Most people think retirement will be less complicated than working life, but there's one aspect of being a retiree that's likely to be more complicated: your income taxes. When you're working, your employer will typically withhold enough from your paychecks to cover your tax bill. But once you retire, you'll be responsible for figuring out how much you owe and paying it to the IRS and your state revenue department.
The good news is that not all sources of retirement income are taxable. One of the best potential sources of nontaxable income is a Roth retirement account. With a Roth account, you can't deduct your contributions while you're working, but once you retire and start taking money out of the account, you don't have to pay taxes on those distributions. In essence, a Roth account is the opposite of a traditional IRA, which allows you to deduct your contributions from your taxable income but does not allow tax-free withdrawals. And Roth accounts can save you money on other taxes as well if you plan your distributions carefully.
Roth accounts lower your tax rate
The total amount of taxable income you collect in any year has a huge impact on how much you pay in taxes. Consider the nature of income tax brackets. With tax brackets, your taxable income up to a certain amount is taxed at a rate of 10%. For example, in 2017, singles will be taxed 10% on the first $9275 of income for the year. Then, the taxable income within the next tax bracket is taxed at a rate of 15%, and so on until you hit the top tier of 39.6%. If you can keep your taxable income within the lower brackets for your filing status, you can avoid those high marginal tax rates. Because distributions from your Roth account are not considered taxable income, they don't count toward your tax bracket calculation and can keep you out of those high marginal tax rates.
Roth accounts and Social Security taxes
Staying in a low tax bracket does more than keep your marginal income tax rates low. It can also save you from having your Social Security benefits taxed. The exact calculation of how Social Security benefits are taxed is complicated, but if you keep your taxable income for the year under $32,000 (for married retirees filing jointly) or $25,000 (for unmarried retirees), then your Social Security benefits will not be taxed at all. Once again, Roth accounts can help: the distributions from a Roth account aren't counted toward that income limit, so you can use them to finance your retirement without making your Social Security benefits taxable.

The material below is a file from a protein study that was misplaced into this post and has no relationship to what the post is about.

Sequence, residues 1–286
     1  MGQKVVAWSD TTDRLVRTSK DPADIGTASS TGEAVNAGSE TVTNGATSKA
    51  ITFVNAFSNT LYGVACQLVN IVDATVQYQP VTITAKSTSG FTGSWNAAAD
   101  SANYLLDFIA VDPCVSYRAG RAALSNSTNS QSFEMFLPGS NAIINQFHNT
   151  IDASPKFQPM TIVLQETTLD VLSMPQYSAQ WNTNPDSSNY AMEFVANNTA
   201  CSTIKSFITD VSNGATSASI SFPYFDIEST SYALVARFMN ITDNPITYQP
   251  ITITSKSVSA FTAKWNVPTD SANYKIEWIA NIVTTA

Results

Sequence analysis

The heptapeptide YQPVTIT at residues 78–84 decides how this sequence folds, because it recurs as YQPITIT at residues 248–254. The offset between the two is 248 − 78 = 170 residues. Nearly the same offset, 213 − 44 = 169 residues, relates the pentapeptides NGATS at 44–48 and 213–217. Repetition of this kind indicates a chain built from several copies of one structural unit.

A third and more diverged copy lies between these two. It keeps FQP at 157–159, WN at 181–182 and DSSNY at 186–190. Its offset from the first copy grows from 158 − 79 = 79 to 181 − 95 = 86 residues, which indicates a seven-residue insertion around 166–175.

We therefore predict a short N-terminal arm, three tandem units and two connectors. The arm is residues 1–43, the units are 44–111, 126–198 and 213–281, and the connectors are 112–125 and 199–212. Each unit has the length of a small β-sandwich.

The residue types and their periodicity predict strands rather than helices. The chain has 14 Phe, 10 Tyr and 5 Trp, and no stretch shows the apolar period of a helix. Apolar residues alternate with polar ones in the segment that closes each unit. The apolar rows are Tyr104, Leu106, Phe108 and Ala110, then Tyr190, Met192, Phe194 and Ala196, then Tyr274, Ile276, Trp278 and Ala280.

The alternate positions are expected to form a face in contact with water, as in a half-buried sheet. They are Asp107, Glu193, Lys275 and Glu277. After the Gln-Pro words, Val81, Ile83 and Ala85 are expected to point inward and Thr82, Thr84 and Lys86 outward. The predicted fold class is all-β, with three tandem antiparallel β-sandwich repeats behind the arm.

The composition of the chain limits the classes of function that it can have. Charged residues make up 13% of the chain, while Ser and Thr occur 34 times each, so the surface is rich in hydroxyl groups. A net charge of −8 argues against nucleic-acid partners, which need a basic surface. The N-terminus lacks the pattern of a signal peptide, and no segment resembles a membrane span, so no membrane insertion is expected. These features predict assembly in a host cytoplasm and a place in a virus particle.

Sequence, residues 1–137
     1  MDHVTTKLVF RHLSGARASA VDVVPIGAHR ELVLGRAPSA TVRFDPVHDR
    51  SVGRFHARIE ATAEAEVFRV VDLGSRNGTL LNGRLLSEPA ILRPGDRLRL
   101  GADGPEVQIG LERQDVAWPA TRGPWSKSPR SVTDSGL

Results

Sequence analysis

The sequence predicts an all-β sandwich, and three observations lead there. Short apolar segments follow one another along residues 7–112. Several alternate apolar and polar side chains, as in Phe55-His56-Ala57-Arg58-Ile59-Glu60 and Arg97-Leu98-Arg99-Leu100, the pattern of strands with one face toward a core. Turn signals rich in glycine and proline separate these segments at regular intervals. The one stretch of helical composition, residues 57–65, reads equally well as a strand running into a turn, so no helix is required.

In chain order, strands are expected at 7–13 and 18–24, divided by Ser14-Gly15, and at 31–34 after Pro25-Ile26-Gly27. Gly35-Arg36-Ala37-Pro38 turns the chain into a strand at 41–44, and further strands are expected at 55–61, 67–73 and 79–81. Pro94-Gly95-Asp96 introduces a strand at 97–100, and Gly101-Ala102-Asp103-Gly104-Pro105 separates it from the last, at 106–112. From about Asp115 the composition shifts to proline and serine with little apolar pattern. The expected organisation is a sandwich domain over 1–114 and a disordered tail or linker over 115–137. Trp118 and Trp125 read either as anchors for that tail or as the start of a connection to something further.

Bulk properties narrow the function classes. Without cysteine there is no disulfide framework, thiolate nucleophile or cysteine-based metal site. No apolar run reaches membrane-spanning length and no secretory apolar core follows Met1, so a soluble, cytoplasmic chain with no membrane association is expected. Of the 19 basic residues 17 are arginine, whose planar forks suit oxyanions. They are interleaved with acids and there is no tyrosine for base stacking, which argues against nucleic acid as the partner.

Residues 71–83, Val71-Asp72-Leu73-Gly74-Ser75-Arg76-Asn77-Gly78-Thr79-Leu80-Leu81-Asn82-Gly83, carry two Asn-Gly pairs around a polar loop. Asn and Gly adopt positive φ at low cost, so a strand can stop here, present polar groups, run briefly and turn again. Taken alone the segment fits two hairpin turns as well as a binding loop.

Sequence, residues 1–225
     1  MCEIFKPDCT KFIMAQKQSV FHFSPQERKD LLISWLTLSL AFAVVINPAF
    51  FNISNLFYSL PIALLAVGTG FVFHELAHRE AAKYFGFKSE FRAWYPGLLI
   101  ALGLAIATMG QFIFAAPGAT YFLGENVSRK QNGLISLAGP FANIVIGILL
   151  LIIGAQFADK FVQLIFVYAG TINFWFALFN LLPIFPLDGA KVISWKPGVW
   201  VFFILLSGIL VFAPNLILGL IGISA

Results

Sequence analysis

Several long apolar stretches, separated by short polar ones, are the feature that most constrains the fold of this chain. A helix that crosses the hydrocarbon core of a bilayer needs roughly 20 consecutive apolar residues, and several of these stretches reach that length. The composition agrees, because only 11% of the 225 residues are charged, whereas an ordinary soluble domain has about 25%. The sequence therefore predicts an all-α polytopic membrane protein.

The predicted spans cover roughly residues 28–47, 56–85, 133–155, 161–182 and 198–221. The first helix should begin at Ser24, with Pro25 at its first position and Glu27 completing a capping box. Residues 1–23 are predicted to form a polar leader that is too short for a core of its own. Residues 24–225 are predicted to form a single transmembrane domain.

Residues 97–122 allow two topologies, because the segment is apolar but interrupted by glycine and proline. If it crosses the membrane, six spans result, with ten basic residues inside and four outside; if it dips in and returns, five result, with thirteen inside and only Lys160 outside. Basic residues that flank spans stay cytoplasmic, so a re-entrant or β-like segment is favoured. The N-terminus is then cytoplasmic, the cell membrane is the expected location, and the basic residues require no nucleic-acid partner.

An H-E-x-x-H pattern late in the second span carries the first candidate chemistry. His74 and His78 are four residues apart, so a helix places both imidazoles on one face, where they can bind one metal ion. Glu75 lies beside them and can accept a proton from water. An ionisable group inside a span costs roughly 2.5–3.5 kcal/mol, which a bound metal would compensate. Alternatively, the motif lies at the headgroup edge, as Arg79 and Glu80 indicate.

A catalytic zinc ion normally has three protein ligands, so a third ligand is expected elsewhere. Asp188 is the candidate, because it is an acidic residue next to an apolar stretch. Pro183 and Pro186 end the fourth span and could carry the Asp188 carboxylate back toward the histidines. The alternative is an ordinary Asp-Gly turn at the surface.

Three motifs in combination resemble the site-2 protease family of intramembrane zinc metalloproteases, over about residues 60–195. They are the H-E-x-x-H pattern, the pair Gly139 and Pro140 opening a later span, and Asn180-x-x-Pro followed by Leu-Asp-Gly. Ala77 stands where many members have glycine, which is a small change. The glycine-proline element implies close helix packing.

In order to take advantage of the benefits of using both taxable and nontaxable income, you'll have to work a little harder when developing your savings plan. Any retirement savings plan requires you to figure out how much you need to save altogether, and therefore how much you need to contribute every month. The Roth/tax-deferred savings plan requires you to take an extra step by also deciding what percentage of your contributions will go into traditional retirement accounts and what will go into Roth accounts. Factors such as your current tax situation, your income, and your plans for retirement will also affect how you should best allocate your contributions.
If that all sounds like too much of a hassle to figure out, consider speaking with a financial advisor with expertise in retirement planning. Such an advisor can take your basic financial information and turn it into a solid retirement savings plan. If you can't or won't create a complete retirement plan right now, then try a simplified one based around contributing 15% of your income into retirement savings accounts. A study by the Boston College Center for Retirement Research found middle-income Americans can generally secure a comfortable retirement by saving 15% of their income throughout your careers.
The maximum you can contribute to IRAs for 2017 is $5,500. For a really simple retirement savings plan, you could split your contributions 50-50 between a traditional retirement account and a Roth account. That way you'll diversify the tax treatment of your retirement income. Even better, if you have access to a both a traditional 401(k) and a Roth 401(k), then you could split your savings between them and enjoy and matching contributions your employer provides. This simplified plan may not be perfect for you, but it will get you a good mix of taxable and nontaxable retirement income without the hassle of working out a customized retirement saving plan.
The Motley Fool has a disclosure policy.